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Canada’s wool industry supports Make the Label Count

Canada’s wool industry supports Make the Label Count

The Make the Label Count campaign challenges the European Commission’s product environmental footprint.

By Andrew Joseph, Farms.com; Image by Reijo Telaranta from Pixabay

The Canadian Wool Council has stated that it is adding its support to the global Make the Label Count campaign to challenge the European Commission’s Product Environmental Footprint (PEF) Methodology.

At its recent 2022 Global Congress, the International Wool Textile Organisation (IWTO) discussed a need to support Make the Label Count, asking the global wool industry to bring attention to the potentially devastating effect the Europen Commission’s PEF will have on the industry’s wool demand.   

The PEF evaluates the environmental impact of all products in circulation in the European Union including textiles. But, the Make the Label Count campaign has identified three significant shortcomings in the methodology’s ability to evaluate wool and other natural fibres:

  1. The PEF system does not currently consider microplastics. Omitting microplastics as an indicator effectively assigns zero impacts to this form of emissions, which risks unintentionally guiding consumers towards plastic products and fibres, As such, the system does not align with the CEAP, the Strategy for Plastics in a Circular Economy, the Strategy for Sustainable and Circular Textiles or the EU Strategy for Textiles Roadmap.;
  2. The PEF system does not currently include plastic waste. An increase in consumption of synthetic fibres has been accompanied by an increase in the mass of plastic waste originating from the textile supply chain. The absence of plastic waste in the PEF methodology has the potential to contribute to an inequitable comparison of natural and synthetic fibres. Again, the system does not align with the CEAP or the Packaging Directive;
  3. The PEF system does not currently account for the renewability or biodegradability of fibres. This means that synthetic fibres—made from non-renewable resources and disposed of in landfill—may be scored as more sustainable than natural or recycled fibres. The system does not align with the CEAP or the Bioeconomy Strategy.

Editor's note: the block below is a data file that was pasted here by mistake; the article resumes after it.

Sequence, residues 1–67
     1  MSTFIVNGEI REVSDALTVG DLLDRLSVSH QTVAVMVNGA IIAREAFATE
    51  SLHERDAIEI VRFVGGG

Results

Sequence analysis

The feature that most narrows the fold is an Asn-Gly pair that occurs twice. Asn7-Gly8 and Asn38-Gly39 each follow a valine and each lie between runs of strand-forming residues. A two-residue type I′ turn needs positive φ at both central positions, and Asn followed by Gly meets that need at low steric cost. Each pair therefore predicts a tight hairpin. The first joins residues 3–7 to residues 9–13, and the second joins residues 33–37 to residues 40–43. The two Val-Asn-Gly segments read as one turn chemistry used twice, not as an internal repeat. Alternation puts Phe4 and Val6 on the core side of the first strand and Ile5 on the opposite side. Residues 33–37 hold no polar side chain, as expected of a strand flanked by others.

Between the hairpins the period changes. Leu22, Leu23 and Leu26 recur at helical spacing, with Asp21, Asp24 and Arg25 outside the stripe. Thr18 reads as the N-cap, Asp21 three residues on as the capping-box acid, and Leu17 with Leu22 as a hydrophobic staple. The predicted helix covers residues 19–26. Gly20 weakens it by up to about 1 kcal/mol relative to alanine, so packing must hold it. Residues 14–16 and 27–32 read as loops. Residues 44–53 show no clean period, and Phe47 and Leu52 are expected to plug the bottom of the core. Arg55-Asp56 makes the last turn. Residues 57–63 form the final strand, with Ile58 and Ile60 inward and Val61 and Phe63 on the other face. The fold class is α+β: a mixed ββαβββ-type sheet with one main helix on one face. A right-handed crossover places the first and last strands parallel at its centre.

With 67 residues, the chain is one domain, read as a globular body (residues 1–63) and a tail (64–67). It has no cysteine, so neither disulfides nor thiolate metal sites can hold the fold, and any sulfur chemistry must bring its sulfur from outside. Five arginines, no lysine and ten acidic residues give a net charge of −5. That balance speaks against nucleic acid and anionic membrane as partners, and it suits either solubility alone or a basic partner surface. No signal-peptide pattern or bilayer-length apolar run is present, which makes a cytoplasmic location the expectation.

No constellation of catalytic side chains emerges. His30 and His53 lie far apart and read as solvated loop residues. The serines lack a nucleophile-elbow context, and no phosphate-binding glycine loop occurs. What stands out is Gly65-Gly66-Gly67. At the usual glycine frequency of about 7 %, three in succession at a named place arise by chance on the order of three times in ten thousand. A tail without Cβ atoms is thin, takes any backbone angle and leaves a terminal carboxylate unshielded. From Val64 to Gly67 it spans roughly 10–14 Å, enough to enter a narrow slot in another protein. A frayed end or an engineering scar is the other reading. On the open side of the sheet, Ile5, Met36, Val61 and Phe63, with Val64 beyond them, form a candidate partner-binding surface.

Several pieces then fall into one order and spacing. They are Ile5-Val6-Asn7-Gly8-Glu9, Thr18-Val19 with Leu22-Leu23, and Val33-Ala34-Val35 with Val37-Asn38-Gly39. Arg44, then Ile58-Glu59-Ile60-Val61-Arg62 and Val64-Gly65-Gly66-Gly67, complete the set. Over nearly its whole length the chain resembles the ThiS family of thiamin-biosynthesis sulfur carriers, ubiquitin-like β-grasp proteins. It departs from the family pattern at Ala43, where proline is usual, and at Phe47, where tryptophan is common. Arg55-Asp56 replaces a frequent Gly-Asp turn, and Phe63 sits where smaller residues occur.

The European Commission’s PEF is placing synthetic fibres and natural fibres on a level playing field by not acknowledging that synthetic fibres are derived from petrochemical, non-renewable, non-biodegradable plastics.

The Canadian Wool Council and others want to ensure fairness in the labelling benefits of all natural fibre producers and help prevent corporate greenwashing.
Make the Label Count has produced a whitepaper to address these concerns with the European Commission’s Joint Research Centre and has asked the IWTO members to assist in bringing awareness of the disastrous impact this evaluation could have on the global wool industry.

This movement is important to Canadian sheep and wool producers.

To increase demand for wool and justify better wool prices for producers, the public must appreciate all of wool’s environmental benefits.

The European Community’s decisions often inform policy in other countries, so having such a large group of players discussing sustainability legislation will benefit the global industry in the long run.

“Giving consumers the full picture is crucial to making sustainable buying decisions and avoiding corporate greenwashing,” stated Matthew Rowe, the Canadian Wool Council Chief Executive Officer. “Canada’s wool industry is therefore pleased to add our support to the Make the Label Count Campaign.”


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